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Toasts, speeches, dedications, benedictions … words for reunions



The Canty family of Pike County, Alabama is huge. Our FAMILY ROOTS book holds more than one thousand names that span 9 generations. We now know of several branches of the family that are not yet included in the book. My maternal Aunt, Ruby Canty-Rudolph, now 93 years old and fourth generation descendant of our first known ancestor, organized the first biannual reunion 22 years ago. It has grown from 35 participants at the first reunion to 350 at our largest reunion. The size of the reunion and the passing of responsibilities for organizing the reunion from one generation to another motivated us to re-look at our purpose. The question for me became “Does everyone understand why we are here?” Because family members often get caught up in the excitement of the reunion activities and the host group is focusing on the work to be done, we sometimes forget the real reason why we get together.

For our 11th reunion in Detroit, Michigan July 20-22, 2007, I wrote a one-page description of “What is a Family Reunion,” and it was distributed to everyone in attendance. Our plan is to reprint it in our program each reunion year so that we are constantly reminded of why we hold family reunions. The overall message that we want family members to embrace is “to honor our ancestors, celebrate and appreciate who and what we are, and pass on to future generations the strength and gratitude of our family legacy.” In doing this, we stress that the reunion is everyone’s reunion, not just the reunion of the organizers. It is intergenerational, both serious and fun, and we expect everyone to enjoy and everyone to contribute to its success.


By Jessie Muse

A Family Reunion is a gathering of generations of family members who come together in unity to honor the past, celebrate the present, and prepare for the future. It is reconnecting with relatives and friends for the purpose of fun, food, fellowship, and the strengthening of ties that bind us one to another. Our unconditional love for one another is reason enough to celebrate; for this love and our blood unite us forever one with the other. A loving and joyous reunion allows us to renew friendships with family and friends whom we seldom see and some we may never see again. We come to honor the legacy of those ancestors who sacrificed so much for our benefit and who have finished their journey here on earth. We come to show gratitude and humility for our blessings and all that we have achieved and continue to enjoy; and we come to present our hopes and dreams for future generations so that our family legacy continues.

With unity of spirit; we come to bond, seeking a future that has the potential for an abundant and enriched life. This is a time to promote peace and harmony; restore broken relationships; engage in thoughtful and caring activities; express love, patience, compassion and understanding; seek wisdom and guidance; and give praise to the almighty God for the opportunity to share an experience with a common purpose.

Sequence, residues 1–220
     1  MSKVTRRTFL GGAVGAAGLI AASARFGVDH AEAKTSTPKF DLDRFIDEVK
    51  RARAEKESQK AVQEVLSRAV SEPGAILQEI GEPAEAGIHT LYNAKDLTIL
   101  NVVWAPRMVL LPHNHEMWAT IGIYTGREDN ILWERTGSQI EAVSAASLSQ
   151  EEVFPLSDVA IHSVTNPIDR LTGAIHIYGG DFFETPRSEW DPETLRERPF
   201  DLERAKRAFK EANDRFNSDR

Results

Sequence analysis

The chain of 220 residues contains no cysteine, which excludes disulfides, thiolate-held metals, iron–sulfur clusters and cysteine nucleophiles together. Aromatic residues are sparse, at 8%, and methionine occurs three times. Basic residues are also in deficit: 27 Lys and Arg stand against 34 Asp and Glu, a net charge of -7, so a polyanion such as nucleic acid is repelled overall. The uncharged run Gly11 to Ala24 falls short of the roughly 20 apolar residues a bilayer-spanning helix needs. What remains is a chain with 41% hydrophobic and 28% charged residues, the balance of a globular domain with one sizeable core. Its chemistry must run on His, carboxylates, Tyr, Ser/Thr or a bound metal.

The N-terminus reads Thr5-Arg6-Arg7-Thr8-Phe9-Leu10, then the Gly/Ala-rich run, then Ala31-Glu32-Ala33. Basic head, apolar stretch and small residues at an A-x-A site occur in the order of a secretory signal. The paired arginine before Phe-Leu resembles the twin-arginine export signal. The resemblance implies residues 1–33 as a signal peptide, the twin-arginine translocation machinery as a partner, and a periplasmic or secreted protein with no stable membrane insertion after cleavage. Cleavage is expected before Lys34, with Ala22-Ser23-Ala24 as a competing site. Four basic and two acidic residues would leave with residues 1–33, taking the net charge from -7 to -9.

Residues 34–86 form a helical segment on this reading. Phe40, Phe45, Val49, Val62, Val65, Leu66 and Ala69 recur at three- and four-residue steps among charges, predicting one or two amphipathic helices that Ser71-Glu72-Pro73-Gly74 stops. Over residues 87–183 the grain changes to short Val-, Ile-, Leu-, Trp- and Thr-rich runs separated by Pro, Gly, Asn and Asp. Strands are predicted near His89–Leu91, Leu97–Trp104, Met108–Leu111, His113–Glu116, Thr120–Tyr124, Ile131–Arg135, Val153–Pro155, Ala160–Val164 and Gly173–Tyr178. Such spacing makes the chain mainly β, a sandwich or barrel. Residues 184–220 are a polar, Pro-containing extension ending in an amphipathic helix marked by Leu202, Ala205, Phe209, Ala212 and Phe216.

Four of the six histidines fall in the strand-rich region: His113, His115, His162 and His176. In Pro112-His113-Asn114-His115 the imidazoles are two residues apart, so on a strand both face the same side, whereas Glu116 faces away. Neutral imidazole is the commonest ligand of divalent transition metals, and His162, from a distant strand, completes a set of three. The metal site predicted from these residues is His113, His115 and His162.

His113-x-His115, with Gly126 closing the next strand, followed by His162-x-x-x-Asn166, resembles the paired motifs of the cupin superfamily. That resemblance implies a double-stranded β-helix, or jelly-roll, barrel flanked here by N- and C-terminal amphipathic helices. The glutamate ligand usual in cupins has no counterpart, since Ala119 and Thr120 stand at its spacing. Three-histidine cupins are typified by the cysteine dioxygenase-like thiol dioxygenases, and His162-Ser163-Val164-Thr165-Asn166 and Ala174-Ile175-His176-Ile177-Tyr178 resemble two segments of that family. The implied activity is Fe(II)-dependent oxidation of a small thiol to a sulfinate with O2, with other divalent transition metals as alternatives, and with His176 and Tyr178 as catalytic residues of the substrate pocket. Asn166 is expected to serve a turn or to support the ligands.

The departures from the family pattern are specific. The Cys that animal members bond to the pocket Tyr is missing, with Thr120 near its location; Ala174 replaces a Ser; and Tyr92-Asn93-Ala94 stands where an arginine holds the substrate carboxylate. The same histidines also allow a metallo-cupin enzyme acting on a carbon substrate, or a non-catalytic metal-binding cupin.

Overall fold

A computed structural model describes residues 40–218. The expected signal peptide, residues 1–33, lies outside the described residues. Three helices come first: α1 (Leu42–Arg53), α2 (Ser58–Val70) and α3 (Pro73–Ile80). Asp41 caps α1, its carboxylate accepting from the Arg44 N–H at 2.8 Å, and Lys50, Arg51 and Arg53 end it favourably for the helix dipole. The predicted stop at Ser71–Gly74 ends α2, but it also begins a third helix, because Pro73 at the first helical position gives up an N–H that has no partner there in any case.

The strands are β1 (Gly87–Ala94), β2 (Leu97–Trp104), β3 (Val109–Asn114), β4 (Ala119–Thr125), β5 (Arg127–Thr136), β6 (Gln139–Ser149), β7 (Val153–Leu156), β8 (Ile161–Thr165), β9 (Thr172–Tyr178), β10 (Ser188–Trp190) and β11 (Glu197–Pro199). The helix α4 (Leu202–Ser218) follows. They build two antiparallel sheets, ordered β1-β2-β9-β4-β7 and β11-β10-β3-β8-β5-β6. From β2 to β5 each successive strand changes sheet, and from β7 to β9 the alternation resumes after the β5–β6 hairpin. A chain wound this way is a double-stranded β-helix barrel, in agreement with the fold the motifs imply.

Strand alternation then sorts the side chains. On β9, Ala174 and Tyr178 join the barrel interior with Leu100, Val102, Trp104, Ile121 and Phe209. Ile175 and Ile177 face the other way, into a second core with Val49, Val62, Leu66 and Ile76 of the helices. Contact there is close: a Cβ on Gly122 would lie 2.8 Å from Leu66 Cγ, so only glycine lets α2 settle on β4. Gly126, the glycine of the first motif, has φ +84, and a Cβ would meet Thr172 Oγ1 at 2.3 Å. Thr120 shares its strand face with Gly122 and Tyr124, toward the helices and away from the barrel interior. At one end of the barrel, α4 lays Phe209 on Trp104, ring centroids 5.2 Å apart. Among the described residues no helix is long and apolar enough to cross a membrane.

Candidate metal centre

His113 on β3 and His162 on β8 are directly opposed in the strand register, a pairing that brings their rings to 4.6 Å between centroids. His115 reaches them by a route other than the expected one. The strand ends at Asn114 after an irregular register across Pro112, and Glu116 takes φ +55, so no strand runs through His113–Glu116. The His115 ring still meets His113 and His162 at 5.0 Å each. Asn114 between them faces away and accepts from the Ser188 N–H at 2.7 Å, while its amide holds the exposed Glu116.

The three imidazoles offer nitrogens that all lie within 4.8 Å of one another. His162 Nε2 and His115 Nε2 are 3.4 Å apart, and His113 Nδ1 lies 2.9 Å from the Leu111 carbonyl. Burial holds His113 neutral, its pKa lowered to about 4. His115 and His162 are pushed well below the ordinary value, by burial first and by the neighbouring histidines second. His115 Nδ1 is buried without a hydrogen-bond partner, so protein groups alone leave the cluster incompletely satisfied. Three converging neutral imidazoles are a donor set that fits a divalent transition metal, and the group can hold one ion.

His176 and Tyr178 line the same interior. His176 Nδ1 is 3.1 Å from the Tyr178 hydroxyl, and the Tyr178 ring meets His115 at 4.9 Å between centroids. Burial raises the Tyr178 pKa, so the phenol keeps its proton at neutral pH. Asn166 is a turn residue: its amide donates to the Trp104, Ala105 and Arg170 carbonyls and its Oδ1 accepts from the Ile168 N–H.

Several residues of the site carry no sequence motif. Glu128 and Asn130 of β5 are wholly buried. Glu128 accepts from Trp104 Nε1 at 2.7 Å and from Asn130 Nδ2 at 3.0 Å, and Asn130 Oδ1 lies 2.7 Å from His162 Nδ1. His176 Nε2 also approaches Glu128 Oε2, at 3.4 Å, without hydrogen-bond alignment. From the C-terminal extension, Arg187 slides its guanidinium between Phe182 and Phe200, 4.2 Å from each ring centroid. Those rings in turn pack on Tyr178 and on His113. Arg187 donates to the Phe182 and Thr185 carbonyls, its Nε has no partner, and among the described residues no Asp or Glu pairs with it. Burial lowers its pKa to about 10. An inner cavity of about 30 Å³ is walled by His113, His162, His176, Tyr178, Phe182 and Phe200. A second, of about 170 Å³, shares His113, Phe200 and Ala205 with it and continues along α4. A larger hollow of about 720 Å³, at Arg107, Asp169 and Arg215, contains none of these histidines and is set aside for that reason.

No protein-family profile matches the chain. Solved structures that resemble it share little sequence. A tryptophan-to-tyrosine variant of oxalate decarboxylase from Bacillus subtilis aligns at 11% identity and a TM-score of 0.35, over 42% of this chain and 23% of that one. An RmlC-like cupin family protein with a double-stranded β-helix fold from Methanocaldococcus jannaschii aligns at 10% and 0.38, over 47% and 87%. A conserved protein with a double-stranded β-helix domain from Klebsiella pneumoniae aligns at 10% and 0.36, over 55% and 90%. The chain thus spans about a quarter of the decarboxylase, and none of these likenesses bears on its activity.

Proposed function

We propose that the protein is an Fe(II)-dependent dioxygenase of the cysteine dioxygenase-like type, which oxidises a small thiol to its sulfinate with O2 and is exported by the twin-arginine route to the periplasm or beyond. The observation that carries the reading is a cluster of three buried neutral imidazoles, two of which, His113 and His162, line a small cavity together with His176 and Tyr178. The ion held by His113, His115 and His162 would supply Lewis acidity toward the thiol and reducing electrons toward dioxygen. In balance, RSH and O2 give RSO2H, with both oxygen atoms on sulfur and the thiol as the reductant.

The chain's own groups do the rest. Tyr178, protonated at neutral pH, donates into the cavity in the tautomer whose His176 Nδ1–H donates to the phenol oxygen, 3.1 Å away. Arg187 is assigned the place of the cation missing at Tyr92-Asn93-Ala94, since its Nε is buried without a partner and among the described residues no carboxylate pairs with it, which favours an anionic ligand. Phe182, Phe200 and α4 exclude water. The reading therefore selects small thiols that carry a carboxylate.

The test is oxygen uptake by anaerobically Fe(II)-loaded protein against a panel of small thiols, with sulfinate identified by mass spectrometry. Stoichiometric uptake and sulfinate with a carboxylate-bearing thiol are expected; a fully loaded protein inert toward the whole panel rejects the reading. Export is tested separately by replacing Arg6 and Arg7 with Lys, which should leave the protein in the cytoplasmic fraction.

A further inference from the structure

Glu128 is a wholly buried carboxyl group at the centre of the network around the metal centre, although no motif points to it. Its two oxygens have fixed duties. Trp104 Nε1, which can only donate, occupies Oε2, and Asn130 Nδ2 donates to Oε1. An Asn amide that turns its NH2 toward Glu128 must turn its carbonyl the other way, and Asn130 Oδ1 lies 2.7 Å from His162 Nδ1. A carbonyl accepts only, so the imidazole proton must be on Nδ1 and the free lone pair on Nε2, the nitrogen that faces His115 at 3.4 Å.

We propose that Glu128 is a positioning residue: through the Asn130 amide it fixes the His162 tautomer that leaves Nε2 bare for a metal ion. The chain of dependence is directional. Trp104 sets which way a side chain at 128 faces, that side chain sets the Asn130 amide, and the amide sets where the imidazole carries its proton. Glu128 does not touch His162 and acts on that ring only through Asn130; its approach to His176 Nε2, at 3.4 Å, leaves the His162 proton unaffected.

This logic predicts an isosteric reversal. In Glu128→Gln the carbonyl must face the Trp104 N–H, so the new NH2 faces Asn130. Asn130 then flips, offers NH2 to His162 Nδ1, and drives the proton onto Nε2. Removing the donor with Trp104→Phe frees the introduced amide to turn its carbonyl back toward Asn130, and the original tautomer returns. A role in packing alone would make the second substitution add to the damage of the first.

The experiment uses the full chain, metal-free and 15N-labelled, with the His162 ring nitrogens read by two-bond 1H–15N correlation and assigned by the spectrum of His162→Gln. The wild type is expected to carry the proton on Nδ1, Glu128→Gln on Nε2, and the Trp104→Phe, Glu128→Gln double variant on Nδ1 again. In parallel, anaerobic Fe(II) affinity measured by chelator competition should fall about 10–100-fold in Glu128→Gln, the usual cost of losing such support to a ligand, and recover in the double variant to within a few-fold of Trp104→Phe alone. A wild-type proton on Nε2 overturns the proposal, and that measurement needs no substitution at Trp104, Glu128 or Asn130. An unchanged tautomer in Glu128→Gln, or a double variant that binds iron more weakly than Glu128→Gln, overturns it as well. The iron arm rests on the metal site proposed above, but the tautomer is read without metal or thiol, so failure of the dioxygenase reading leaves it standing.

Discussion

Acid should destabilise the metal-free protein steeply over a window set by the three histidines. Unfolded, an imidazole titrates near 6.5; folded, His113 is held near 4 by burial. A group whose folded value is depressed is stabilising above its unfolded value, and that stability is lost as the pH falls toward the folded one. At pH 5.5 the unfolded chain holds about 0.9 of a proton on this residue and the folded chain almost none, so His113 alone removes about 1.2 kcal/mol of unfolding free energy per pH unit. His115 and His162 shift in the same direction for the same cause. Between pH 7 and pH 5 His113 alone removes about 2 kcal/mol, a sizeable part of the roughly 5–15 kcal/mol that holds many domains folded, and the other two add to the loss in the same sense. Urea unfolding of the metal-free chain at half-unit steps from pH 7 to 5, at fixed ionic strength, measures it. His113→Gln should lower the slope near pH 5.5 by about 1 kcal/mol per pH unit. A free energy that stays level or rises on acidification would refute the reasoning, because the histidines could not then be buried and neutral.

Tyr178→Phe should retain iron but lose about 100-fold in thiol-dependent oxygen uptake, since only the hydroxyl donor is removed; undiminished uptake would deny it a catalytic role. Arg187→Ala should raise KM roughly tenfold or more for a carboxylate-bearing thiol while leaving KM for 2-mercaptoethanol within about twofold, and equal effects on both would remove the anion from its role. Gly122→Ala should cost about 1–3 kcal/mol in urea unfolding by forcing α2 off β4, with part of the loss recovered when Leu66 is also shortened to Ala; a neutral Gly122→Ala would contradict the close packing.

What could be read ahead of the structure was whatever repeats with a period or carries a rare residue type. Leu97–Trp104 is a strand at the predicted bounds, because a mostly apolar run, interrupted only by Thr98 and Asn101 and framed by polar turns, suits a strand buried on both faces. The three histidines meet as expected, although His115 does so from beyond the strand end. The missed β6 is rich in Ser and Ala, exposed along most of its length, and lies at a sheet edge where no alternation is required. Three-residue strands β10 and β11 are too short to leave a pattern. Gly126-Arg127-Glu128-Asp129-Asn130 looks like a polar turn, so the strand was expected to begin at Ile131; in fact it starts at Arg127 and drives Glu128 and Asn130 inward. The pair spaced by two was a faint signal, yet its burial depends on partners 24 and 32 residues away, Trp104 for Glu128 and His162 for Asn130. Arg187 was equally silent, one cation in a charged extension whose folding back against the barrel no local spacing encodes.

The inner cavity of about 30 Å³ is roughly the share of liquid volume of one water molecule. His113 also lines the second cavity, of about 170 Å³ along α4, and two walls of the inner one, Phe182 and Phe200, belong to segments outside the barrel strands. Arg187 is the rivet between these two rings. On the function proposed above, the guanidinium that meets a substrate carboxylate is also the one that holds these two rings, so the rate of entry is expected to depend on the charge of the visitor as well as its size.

It is also a time for rest and relaxation, learning and growing, worship and prayer, guiding the young and appreciating the aging. It is a time for using our talents, expressing our creativity, and encouraging others. It is about working together and finding solutions, meeting challenges and providing leadership, seeking forgiveness and healing our souls. It is about making a difference in the lives of others, strengthening families, providing role models and protecting our youth; taking time to visit and share family news, sharing our knowledge and being receptive to new ideas, caring for our sick and elders and keeping us together. But most of all, it is about thanking our God and our ancestors for the privilege of being here.

©JMuse 2007


The following devotion is by Thomas A. Phelan, Bergenfield, New Jersey, a World War II and Korean War veteran. He wrote this for the men and women who were wounded and died for America. The words have been set to Country/Western music and recorded under the same title.

The Ultimate Sacrifice
American men and women
fought in all the battles
from the revolution
to the Second World War
for the freedom of all people
and to keep the enemy from our shore.
They fought in Korea, Viet Nam
and Desert Storm. Were wounded and died again.
Their mission — stop Communism
the usurper of all nations
that uses force fear, death and invasions.
These brave people are martyrs for their God
heroes to their families, friends and Country
for that final ultimate endeavor.
We bestow upon them and their loved ones
the highest of honors, our gratitude
our prayers, our love forever.


Q? Renita Wigfall e-mailed: I'm in search of a poem or story to be read at my family reunion. I am seeking something rather profound. Any suggestions?

A! We suggest you dig deep in family legend or tradition to find your inspiration. Since we know nothing about the family you're speaking to, we suggest that you look at what their interests and concerns are. The future? Their strengths? Their creativity and determination? What inspires you? It will probably inspire your audience as well.

How about saluting special family members? The oldest and youngest ... not the usual prizes but something about each: the history of the oldest and the future of the youngest. Or salute the achievements of family members old and young; who's learned to walk or graduated or gotten an award or honor?

Something from your favorite book or author? the Bible? Shakespeare? Robert Frost?
If you question your family's enthusiasm, perhaps you should concentrate on humor and leave 'em laughing. There must be lots of funny family stories.

What are your favorite family memories? Share them. Get others thinking. Pose questions for members to contemplate. Challenge them. Charge them up.



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